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Document 52009IE1454

Opinion of the European Economic and Social Committee on the Diverse forms of enterprise (Own-initiative opinion)

OJ C 318, 23.12.2009, p. 22–28 (BG, ES, CS, DA, DE, ET, EL, EN, FR, IT, LV, LT, HU, MT, NL, PL, PT, RO, SK, SL, FI, SV)



Official Journal of the European Union

C 318/22

Opinion of the European Economic and Social Committee on the ‘Diverse forms of enterprise’ (Own-initiative opinion)

2009/C 318/05

Rapporteur: Mr CABRA DE LUNA

Co-rapporteur: Ms ZVOLSKÁ

On 10 July 2008, the European Economic and Social Committee decided to draw up an own-initiative opinion, under Rule 29(2) of its Rules of Procedure, on the

Diverse forms of enterprise.

The Section for the Single Market, Production and Consumption, which was responsible for preparing the Committee's work on the subject, adopted its opinion on 9 September 2009. (The rapporteur was Mr CABRA DE LUNA and the co-rapporteur was Ms ZVOLSKÁ).

At its 456th plenary session, held on 30 September and 1 October 2009 (meeting of 1 October), the European Economic and Social Committee adopted the following opinion by 113 votes to none, with 4 abstentions.

1.   Conclusions and recommendations

1.1   The purpose of this opinion is to describe the diversity of forms of enterprise that are found in the European Union (EU). Protecting and preserving this diversity is very important for achieving the single market and maintaining the European social model, as well as for meeting the Lisbon Strategy's objectives for jobs, competitiveness and social cohesion.

1.2   This opinion centres around the need for the legal framework regulating enterprises, together with competition policy, to promote the diversity and plurality of forms of enterprise, which is one of the main assets of the EU, in a coherent fashion so that a level playing field is created between all different forms of enterprise taking into consideration the characteristics of each form.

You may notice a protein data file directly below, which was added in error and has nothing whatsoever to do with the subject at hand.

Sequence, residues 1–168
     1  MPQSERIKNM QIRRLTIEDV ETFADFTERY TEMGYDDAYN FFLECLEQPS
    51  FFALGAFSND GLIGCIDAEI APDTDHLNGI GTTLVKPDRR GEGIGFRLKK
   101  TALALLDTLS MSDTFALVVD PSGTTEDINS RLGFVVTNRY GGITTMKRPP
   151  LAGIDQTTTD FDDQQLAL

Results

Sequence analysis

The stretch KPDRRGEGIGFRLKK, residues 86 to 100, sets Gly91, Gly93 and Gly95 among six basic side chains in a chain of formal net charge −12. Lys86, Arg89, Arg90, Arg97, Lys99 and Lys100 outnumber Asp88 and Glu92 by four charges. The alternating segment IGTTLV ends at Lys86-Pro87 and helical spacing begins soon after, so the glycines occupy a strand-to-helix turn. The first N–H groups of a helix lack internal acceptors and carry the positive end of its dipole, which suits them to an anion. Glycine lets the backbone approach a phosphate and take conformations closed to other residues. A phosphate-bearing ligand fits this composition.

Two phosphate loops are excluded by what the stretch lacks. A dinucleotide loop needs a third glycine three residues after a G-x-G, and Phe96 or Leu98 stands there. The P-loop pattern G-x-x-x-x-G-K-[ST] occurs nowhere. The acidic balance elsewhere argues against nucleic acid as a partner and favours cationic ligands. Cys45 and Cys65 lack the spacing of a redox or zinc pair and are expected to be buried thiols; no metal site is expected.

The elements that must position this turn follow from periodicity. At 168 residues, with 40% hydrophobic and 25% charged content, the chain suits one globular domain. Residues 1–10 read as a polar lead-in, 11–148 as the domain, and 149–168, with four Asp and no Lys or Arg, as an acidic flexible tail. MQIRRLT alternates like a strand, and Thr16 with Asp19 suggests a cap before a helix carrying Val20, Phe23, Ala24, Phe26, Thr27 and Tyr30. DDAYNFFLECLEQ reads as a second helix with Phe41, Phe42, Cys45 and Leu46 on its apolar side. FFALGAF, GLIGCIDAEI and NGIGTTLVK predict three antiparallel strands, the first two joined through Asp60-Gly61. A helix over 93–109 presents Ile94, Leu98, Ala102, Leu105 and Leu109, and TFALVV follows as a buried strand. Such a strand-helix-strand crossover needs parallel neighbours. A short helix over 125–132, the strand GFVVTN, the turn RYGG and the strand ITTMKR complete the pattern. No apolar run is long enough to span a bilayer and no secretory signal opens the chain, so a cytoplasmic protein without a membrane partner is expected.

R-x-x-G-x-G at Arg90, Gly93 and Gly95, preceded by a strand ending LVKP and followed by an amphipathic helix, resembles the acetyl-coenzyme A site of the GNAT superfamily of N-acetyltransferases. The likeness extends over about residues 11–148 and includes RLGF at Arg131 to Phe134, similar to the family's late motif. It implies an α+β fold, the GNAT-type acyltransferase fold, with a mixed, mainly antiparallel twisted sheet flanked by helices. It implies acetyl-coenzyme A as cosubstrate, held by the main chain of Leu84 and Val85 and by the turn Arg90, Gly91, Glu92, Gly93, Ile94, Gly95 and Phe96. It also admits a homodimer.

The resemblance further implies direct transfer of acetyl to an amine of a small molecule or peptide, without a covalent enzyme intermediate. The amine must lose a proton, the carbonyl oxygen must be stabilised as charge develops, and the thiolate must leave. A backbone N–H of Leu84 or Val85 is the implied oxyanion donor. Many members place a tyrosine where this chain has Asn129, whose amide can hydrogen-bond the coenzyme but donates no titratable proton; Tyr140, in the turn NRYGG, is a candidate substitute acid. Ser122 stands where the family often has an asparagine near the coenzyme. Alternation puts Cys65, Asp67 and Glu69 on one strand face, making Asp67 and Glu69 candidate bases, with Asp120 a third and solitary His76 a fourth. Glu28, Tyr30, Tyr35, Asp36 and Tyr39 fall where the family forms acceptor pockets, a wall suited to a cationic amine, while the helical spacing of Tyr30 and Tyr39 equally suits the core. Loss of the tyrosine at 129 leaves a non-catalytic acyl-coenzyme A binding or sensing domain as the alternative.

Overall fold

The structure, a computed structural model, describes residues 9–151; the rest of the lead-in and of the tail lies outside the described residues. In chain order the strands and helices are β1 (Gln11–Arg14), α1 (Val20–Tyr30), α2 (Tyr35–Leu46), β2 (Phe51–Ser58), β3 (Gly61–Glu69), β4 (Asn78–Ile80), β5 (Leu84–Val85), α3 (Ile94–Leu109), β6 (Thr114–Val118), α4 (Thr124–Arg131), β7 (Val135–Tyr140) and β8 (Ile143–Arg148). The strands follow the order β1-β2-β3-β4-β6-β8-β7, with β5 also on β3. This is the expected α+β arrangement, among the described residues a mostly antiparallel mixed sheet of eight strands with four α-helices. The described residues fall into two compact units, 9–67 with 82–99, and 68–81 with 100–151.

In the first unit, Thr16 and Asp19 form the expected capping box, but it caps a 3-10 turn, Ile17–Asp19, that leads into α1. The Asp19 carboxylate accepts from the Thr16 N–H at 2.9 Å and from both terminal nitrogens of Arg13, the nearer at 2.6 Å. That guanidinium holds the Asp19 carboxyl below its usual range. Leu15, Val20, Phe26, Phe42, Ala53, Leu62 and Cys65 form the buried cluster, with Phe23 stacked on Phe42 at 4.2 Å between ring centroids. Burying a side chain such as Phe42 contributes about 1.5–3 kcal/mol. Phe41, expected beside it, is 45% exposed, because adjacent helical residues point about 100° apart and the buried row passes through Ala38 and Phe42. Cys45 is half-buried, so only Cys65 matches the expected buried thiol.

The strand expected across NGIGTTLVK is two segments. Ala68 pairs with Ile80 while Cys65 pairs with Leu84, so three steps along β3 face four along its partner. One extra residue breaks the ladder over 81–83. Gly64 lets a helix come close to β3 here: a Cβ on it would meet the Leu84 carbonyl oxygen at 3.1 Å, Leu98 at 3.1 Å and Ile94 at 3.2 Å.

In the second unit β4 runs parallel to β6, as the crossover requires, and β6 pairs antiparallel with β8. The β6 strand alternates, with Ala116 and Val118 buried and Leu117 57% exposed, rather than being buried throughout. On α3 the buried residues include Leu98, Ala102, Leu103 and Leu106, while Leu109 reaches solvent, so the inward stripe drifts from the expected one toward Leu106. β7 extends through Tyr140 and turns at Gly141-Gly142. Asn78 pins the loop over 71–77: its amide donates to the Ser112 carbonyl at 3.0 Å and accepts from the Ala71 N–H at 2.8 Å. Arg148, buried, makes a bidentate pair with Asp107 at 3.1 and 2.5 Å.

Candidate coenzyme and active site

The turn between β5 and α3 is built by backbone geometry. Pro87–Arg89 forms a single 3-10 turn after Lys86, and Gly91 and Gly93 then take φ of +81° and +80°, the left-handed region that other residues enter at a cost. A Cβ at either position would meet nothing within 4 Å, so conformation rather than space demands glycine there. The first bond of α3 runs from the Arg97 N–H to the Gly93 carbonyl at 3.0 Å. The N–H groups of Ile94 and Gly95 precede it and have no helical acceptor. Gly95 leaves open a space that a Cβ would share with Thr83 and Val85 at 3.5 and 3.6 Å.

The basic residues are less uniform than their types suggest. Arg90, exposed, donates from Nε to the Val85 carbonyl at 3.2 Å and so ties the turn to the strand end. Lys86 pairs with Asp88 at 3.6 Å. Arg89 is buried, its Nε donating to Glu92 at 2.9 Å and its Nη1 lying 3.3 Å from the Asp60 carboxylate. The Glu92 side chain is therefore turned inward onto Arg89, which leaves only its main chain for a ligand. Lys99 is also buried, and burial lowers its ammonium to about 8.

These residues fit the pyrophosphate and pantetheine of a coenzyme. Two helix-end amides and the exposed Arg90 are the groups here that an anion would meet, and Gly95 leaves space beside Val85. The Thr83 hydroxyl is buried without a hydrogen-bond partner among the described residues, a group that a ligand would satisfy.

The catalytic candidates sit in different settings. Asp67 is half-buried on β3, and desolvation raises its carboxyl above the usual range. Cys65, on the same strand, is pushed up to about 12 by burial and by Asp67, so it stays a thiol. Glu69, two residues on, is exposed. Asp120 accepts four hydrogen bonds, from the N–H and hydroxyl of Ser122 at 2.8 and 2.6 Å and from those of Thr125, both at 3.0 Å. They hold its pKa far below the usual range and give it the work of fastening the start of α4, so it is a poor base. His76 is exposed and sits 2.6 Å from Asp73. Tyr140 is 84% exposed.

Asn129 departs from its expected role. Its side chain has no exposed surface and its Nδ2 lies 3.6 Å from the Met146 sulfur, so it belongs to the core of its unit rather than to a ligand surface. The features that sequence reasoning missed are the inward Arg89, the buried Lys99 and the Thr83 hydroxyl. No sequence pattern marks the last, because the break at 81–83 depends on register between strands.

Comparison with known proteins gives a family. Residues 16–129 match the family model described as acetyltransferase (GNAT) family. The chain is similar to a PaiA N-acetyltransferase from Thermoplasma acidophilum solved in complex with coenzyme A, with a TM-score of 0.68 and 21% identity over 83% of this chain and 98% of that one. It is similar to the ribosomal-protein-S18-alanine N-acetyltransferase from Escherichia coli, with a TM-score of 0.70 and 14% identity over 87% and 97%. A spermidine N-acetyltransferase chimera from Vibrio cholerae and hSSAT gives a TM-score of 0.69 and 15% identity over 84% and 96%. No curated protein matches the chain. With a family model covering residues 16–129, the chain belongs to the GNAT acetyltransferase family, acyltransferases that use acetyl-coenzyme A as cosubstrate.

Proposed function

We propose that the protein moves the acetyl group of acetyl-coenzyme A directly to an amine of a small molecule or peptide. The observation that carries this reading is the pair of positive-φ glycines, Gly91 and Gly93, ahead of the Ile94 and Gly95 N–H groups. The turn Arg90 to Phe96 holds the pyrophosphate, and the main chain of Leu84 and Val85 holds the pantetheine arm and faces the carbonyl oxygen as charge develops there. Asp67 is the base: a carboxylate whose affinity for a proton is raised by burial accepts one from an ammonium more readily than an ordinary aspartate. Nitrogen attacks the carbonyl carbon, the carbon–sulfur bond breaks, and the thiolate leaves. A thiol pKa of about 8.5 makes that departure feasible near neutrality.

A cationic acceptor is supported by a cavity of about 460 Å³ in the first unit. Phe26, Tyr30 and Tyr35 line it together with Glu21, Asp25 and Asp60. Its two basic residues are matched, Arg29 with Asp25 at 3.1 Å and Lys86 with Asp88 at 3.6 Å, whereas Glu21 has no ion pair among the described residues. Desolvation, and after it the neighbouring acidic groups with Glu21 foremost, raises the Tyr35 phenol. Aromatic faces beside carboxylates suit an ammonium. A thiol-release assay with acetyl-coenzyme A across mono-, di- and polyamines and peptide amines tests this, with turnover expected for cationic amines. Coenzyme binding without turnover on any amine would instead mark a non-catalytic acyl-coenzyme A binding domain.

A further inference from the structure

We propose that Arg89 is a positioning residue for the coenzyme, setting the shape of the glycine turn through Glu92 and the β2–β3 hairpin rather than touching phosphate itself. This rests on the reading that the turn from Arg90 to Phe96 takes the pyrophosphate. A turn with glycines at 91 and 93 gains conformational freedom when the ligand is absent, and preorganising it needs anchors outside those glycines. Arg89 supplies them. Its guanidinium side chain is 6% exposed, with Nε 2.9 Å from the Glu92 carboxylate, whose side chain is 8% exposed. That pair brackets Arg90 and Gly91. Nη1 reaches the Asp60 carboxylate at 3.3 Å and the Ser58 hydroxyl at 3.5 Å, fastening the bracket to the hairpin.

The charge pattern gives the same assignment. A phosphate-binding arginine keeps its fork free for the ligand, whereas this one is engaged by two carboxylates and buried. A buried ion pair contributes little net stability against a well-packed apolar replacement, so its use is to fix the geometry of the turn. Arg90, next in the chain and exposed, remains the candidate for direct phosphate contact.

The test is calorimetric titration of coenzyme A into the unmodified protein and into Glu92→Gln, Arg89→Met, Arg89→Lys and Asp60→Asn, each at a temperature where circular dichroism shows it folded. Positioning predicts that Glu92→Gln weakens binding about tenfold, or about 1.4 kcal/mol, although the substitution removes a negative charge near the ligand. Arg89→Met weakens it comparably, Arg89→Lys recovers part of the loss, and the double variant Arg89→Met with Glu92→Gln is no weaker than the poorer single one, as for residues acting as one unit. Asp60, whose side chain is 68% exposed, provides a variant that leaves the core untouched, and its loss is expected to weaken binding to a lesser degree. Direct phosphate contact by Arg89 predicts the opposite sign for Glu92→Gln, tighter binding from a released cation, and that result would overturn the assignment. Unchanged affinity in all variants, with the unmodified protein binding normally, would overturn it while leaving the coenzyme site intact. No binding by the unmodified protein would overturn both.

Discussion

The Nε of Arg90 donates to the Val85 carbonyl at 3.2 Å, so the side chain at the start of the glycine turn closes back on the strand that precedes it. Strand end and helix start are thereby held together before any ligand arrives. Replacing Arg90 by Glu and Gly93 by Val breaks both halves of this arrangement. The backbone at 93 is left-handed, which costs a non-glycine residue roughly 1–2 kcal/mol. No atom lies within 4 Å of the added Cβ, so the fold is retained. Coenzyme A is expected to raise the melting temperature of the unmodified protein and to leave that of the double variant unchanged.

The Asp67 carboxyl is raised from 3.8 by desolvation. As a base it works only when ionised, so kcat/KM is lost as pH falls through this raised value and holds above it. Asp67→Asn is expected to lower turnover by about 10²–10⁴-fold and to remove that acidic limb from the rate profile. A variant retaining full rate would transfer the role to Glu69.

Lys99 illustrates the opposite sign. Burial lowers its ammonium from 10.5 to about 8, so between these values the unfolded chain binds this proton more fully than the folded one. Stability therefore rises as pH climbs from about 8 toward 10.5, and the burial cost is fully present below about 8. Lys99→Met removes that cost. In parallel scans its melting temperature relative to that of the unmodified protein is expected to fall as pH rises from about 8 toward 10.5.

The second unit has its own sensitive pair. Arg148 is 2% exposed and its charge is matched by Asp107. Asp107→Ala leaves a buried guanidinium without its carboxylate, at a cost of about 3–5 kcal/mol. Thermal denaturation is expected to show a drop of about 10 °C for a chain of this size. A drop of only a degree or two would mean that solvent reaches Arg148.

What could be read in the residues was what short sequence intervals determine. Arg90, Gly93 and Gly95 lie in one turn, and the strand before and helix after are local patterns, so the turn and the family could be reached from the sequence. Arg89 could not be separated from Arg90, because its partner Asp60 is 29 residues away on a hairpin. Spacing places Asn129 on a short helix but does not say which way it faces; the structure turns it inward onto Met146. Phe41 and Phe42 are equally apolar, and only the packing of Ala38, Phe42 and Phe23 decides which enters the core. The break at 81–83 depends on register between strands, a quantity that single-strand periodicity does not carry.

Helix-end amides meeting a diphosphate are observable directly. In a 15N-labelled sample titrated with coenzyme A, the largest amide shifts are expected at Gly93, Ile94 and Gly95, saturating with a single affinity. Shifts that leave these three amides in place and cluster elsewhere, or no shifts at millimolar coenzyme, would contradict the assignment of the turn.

1.3   The pluralism and diversity of the various forms of enterprise are recognised in the Treaty and borne out by reality, through the different legal statutes that have been approved or are currently under consideration.

1.4   This diversity contributes to the EU’s wealth and is of key importance to Europe, whose motto is ‘United in Diversity’. All forms of enterprise reflect an aspect of European history and each is a bearer of our collective memory and culture – ‘our cultures’. This diversity is worth preserving.

1.5   This diversity is also an essential basis for achieving the Lisbon objectives for growth, jobs, sustainable development and social cohesion based on maintaining and developing the competitiveness of enterprises.

1.6   The aim of competition law should not be to ensure uniformity but to provide a balanced legal framework that can be applied to the different forms of enterprise, which must be able to develop whilst preserving their own aims and working methods.